Kettering Health Network spokeswoman Elizabeth Long said nine people were treated at three different network hospitals, and three are in serious condition. Three were treated and discharged and three others are in fair condition. Two were taken immediately to surgery. Injuries range from gunshot wounds in the lower extremities to abdominal wounds to a laceration on the foot.
Whaley said the Oregon District, where the shooting occurred will reopen this afternoon.
A community vigil will be held at 8 p.m. tonight for the victims, with a location to be announced later Sunday.
Update 7:36 a.m. EDT Aug. 4: At least 10 people are dead, including the suspect, and 26 injured after a shooter opened fire in Dayton's Oregon District, Dayton Mayor Nan Whaley said in a news conference early Sunday.
The shooter, who has not been identified, used a .223-caliber high-capacity magazine rifle and was wearing a mask or covering over his face.
"If the Dayton police had not gotten to the shooter in under a minute, hundreds of people in the Oregon District would be dead today," Whaley said.
"This is the 250th mass shooting in America," she said. "It's sad that it's in the city of Dayton."
She called the shooting "a terrible day for Dayton."
Meanwhile, Ohio Gov. Mike DeWine responded to news of the shooting in a series of tweets.
Update 4:19 a.m. EDT Aug. 4: Ten people are confirmed dead, including the shooter, and at least 16 have been wounded in the shooting near Ned Peppers Bar on East Fifth Street, Dayton police Lt. Col. Matt Carper said.
Police are trying to identify the suspect, who was shot to death by Dayton police officers, he said. As far as police know, there was only the one suspect, he said.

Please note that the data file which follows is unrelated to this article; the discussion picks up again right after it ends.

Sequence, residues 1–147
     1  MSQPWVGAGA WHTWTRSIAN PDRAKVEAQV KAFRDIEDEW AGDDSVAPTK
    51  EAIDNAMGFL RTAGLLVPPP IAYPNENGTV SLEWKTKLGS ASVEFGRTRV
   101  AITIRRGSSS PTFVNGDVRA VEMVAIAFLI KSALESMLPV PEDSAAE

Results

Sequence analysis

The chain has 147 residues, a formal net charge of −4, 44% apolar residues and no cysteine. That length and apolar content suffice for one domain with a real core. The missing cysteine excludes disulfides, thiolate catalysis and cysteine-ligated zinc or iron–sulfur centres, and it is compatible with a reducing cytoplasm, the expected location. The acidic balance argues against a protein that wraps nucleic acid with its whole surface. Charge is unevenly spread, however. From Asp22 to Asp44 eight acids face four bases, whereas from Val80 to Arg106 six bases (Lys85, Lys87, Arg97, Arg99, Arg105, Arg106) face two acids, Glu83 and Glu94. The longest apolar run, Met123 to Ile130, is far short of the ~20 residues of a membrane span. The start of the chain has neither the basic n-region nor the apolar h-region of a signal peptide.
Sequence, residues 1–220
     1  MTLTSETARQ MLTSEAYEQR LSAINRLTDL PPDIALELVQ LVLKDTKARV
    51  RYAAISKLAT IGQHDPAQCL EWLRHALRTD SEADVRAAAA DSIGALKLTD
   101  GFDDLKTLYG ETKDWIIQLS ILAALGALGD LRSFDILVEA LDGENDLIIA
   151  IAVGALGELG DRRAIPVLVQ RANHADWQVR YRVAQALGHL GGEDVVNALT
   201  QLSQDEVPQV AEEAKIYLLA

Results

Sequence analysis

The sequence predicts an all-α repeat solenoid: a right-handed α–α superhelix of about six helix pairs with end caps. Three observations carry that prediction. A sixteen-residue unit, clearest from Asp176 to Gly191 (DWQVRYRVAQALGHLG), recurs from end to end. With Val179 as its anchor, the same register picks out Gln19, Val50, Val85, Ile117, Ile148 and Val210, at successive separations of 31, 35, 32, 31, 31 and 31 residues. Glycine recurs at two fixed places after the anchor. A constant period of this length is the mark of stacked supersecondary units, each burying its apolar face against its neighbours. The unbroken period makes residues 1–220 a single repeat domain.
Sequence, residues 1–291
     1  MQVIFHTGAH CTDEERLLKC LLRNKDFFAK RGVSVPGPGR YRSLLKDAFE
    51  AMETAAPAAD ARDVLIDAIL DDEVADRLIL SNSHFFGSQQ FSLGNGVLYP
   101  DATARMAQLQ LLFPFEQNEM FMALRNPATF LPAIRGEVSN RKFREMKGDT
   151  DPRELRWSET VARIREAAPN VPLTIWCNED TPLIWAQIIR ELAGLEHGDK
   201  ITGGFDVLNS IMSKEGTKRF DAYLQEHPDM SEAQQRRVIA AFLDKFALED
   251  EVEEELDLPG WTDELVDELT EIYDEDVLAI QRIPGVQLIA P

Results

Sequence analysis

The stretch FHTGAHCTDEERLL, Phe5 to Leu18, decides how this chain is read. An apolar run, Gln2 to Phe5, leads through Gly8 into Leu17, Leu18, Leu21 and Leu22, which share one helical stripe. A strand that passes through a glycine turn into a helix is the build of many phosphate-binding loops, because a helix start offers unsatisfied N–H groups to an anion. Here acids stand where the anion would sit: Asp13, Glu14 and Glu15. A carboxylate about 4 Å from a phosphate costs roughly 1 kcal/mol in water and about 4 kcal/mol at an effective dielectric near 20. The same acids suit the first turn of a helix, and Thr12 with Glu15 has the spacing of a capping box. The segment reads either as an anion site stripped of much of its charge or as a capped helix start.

Police also are trying to determine what motivated the shooter, who Carper said used a long gun with multiple rounds.
There were officers on regular patrol in the Oregon District, which he called a very popular and usually safe section of the city.
There was "a very short timeline of violence" because the officers were on their regular patrols of the district. "We're very fortunate for that," he said. "We had officers in the immediate vicinity when this shooting began and were able to respond and put an end to it quickly," Carper said.
Several area police departments responded to a "Signal 99" broadcast asking for all available police to respond to the district. Agents with the FBI and ATF are on scene as well.
Carper said the police department has opened the Convention Center, which is near the Oregon District, for family members and friends who were disconnected from their family members and friends during the shooting.
For people who have questions about friends or loved ones, or have information that could help police, Carper said they should call 937-225-6217.
A man identifying himself as Jeff, who said he is a bouncer at an establishment next door to Ned Peppers, said he was 20 feet from the gunman and saw the muzzle flashes.
"He damaged our city," said Jeff, who asked that his last name not be used.
Update 3:54 a.m. EDT Aug. 4: Liz Long, Kettering Health Network spokeswoman, said the hospital has received victims from the shooting, but they have no information on numbers or patient conditions yet, as their focus is on treating the patients.
Update 2:24 a.m. EDT Aug. 4: Police scanner traffic has indicated that there may be as many as seven people dead, and police are searching for a second possible shooter that may have left the area in a dark-colored Jeep, WHIO reported.
Update 2:12 a.m. EDT Aug. 4: Police and medic scanner traffic indicate that a triage area has been established in the Oregon District, and police are checking the bars in the area for any additional shooting victims, according to WHIO.
Medics are reporting critical patients in the area.
Initial reports also indicate that medics are directing "walking wounded" to Grandview and Kettering hospitals.
Original report: Police in Dayton, Ohio, are responding to a report of an active shooter in the area of East Fifth Street in the Oregon District.
Initial reports indicate multiple people shot, and medics are responding to the area. Reports also indicate that a shooter is down.
The Associated Press contributed to this report.